By default, installing Proxmox with ZFS during the installation process will force you to use the entire disk for the root zpool. For most installs this is good enough. However, I like to do things differently sometimes.
I have a pair of Samsung 840 Pro 256GB SSDs that I wanted to use for my new homelab that I am currently building (moving from vmware to proxmox). You may be wondering why I want to install the operating system on a partition instead of an entire disk. Several reasons:
1. Proxmox (ZFS-on-Linux) does not yet support SSD TRIM, FreeBSD does support it so migrating from FreeNAS into Proxmox I should be aware of it.
2. Data redundancy for the root filesystem does not need to be large. Even if I do RAID1 with my two SSDs I won’t be storing my critical data or VMs in the rpool – I want a smaller sized root pool that has fault-tolerance (RAID1). A partition of 60GB mirrored in two SSDs should fit the bill here.
3. ZIL Intent Log experimentation, I also want to experiment by using the same two SSDs to speed up my ZFS writes. I want a small partition in a stripe (RAID0) for performance, 45GB total (22.5gb per ssd) is plenty for this.
4. The left over unused space will be left untouched so that the SSD will have more available blocks during the controller’s built-in garbage collection (not the same as TRIM)
I don’t have enough time to go into a lot of details (it’s past 4am), so I will get to how to do it. If you are trying to follow my same steps, you will need at least 3 hard drives.
1. On a hard drive or device you don’t care to use in the final outcome, install Proxmox as you would normally. Wipe the entire partition table and let it install RAID0 on the whole disk.
2. Boot into your new installation, have the two new disks you want to keep attached to the system and ensure linux sees them fdisk should help with this.
3. You will now need to create the partitions on the new disks (not rpool):
You will need to know how to calculate hard disk sectors and multiply by your block size. I don’t have time to go over it but I will do a quick TL;DR example to give you an idea:
We want 25GB slice so that is around 25000000000 bytes / 512 (block size) = 48828125 total sectors to allocate this storage amount.
Take a look at the partition table to make sure you create something similar, fdisk -l /dev/sd$ (your rpool disk). We will leave 8MB disk at the end of the partition, Proxmox by default creates 3 partitions: GRUB_BOOT, ZFS data, Solaris 8MB.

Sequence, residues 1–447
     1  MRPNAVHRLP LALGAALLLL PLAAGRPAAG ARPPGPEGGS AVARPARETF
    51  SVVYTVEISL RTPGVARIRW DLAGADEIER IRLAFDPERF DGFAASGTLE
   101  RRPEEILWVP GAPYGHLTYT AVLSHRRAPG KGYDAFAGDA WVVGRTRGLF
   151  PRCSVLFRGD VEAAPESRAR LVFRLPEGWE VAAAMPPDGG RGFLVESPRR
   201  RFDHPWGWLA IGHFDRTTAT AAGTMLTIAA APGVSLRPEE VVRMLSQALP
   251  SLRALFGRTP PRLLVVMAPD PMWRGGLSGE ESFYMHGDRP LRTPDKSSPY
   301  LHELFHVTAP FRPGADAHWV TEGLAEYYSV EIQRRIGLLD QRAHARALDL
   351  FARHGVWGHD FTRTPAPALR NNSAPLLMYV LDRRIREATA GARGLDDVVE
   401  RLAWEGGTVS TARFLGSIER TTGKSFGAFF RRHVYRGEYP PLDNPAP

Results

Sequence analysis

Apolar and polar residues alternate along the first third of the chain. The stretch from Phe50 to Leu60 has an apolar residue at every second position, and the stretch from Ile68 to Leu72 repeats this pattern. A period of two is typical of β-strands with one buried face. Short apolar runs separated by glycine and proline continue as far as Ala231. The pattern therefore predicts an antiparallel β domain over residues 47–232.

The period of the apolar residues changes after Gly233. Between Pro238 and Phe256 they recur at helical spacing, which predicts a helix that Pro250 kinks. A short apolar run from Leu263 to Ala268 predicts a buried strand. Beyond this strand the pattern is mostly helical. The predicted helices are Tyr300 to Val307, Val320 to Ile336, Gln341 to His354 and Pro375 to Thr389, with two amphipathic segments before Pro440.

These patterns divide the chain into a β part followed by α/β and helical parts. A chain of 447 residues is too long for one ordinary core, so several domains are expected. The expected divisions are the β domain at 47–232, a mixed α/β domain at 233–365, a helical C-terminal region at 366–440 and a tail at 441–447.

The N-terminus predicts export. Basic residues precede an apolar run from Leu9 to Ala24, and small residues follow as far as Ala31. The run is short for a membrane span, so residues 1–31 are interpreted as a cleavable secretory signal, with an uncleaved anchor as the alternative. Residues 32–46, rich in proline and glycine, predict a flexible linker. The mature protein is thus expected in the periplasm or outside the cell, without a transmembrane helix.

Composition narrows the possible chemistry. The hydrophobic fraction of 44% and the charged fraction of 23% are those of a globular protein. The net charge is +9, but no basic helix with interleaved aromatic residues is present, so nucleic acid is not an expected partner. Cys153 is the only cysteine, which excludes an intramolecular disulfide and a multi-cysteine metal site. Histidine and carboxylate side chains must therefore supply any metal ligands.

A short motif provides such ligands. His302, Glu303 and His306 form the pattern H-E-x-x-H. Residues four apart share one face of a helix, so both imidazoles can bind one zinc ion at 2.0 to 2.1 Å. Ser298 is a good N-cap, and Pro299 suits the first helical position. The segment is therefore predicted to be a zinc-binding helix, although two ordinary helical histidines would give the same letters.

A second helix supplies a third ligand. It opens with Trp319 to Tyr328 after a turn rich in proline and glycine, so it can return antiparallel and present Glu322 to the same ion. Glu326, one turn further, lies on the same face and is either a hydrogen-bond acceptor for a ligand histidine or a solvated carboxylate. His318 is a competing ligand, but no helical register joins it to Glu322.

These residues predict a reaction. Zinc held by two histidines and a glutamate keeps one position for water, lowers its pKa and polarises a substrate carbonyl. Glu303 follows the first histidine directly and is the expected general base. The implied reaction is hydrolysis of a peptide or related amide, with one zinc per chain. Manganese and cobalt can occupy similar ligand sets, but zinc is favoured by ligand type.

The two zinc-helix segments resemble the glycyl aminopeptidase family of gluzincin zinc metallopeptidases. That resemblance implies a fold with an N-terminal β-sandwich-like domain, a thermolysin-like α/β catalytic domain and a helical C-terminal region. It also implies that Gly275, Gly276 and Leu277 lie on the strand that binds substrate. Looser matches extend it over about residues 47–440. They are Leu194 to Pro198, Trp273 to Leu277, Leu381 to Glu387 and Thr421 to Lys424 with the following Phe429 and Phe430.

This command creates the partitions for my new array, I’ve described them for you by the -c command. It should be self-explanatory.
# sgdisk -z /dev/sdb
# sgdisk -a1 -n1:34:2047 -t1:EF02 -c1:”BIOS boot” -n2:2048:156252048 -t2:BF01 -c2:”mirror” -n3:156252049:205080174 -t3:BF01 -c3:”stripe” -n4:205080175:205096559 -t4:BF0 /dev/sda
# sgdisk -a1 -n1:34:2047 -t1:EF02 -c1:”BIOS boot” -n2:2048:156252048 -t2:BF01 -c2:”mirror” -n3:156252049:205080174 -t3:BF01 -c3:”stripe” -n4:205080175:205096559 -t4:BF0 /dev/sdc
# zpool create -f stripe -o ashift=13 /dev/sda3 /dev/sdc3
# zpool create -f newroot -o ashift=13 mirror /dev/sda2 /dev/sdc2
# grub-install /dev/disk/by-id/ata-Samsung_SSD_840_PRO_Series_S1ATNSADB46090M
# grub-install /dev/disk/by-id/ata-Samsung_SSD_840_PRO_Series_S12RNEACC59063B
Backup & moving stuff.
# zfs snapshot -r [email protected]
# zfs list -t snapshot
# zfs send -R [email protected] | zfs recv -vFd newroot
[email protected]:/# zpool get bootfs
NAME PROPERTY VALUE SOURCE
newroot bootfs – default
rpool bootfs rpool/ROOT/pve-1 local
stripe bootfs – default
[email protected]:/# zpool set bootfs=newroot/ROOT/pve-1 newroot
zpool export newroot
zpool import -o altroot=/mnt newroot
— rebooted with freenas live cd, enter shell, import newroot with new name rpool. rebooted
— boot into proxmox recovery — once it boots, do recovery
#zpool set bootfs=newroot rpool could also work without renaming via FreeNAS but didn’t try.